Perna Kramer, who signed her sculpture and paintings with her maiden name, Perna Krick, died Saturday at Maryland General Hospital after a heart attack.
Mrs. Kramer, who was 67, lived on Mosher Street in a studio home she and her husband, sculptor Reuben Kramer, designed RTC in 1965 to replace a nearby carriage house where they had lived and worked for many years.
She was particularly well known for her paintings of animals, birdsand flowers. They had been exhibited in local theaters, the Peale Museum, the Baltimore Museum of Art and other places, including the Corcoran Gallery of Art in Washington, where she won the painting award in a 1957 area exhibit.
A native of Greenville, Ohio, she came to Baltimore in 1927 to study at the Rhinehart School of Sculpture at the Maryland Institute, where she met Mr. Kramer.
Winner of two scholarships for study in Europe, she sculpted until 1942, when she switched to painting.
She was a supporter of the Baltimore Zoo, and she became known in the Bolton Hill area as "the bird doctor" by nursing injured birds brought to her by neighborhood children. She also sheltered many cats.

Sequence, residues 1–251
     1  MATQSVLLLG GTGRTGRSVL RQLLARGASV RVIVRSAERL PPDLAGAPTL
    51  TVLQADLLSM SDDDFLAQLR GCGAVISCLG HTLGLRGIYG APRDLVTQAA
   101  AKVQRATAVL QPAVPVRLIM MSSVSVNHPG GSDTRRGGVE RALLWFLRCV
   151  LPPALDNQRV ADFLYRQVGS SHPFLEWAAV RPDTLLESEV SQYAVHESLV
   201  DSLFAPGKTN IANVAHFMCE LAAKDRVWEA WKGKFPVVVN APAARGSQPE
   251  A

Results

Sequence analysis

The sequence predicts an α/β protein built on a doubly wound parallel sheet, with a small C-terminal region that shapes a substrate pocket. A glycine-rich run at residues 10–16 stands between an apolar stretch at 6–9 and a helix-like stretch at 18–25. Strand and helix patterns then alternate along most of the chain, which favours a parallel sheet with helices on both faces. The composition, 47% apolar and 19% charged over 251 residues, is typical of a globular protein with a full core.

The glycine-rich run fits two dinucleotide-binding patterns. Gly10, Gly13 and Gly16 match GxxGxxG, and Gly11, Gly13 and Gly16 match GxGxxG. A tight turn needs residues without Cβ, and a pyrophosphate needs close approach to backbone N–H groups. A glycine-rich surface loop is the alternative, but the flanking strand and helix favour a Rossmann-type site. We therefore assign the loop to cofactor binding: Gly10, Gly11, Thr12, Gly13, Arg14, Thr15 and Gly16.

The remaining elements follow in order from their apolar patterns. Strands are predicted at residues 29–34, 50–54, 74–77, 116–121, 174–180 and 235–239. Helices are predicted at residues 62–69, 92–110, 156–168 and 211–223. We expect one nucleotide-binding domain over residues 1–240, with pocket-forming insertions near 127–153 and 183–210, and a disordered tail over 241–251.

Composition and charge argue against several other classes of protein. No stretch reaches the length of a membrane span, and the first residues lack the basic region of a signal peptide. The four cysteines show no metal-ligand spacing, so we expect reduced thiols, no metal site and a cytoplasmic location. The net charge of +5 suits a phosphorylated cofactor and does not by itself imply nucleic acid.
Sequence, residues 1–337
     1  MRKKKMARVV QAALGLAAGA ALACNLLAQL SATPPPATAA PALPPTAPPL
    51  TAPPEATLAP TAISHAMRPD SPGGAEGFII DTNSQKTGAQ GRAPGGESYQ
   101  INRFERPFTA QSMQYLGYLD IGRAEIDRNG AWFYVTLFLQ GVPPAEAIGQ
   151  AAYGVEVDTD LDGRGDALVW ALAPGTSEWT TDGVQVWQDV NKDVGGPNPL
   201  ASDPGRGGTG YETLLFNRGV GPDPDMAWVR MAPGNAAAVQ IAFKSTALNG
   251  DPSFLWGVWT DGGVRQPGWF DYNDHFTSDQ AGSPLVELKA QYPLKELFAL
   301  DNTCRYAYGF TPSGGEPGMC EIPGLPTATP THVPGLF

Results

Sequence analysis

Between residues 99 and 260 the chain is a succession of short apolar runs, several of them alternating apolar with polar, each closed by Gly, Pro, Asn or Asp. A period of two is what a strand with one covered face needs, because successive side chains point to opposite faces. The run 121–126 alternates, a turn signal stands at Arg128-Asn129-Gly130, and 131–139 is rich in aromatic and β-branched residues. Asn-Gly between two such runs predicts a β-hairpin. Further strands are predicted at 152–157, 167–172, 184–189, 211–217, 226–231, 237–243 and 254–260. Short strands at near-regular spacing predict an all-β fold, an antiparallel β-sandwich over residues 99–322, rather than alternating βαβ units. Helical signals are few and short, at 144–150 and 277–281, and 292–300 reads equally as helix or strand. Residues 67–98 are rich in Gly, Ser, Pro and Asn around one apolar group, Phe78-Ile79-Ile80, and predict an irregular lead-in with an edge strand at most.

During the 1940s, Mrs. Kramer taught art to children at a pioneer interracial school, Fellowship House, started by her husband.
More recently, many children have become familiar with one of her sculptures, Young Siren, of a child sitting astride a fish. The bronze statue was donated to the Enoch Pratt Free Library several years ago and sits behind the fish pool in the children's room at the central library.
In addition to her husband, her survivors include two brothers, Kody Krick of Los Angeles and Robert Krick of Columbus, Ohio.
Private services were planned.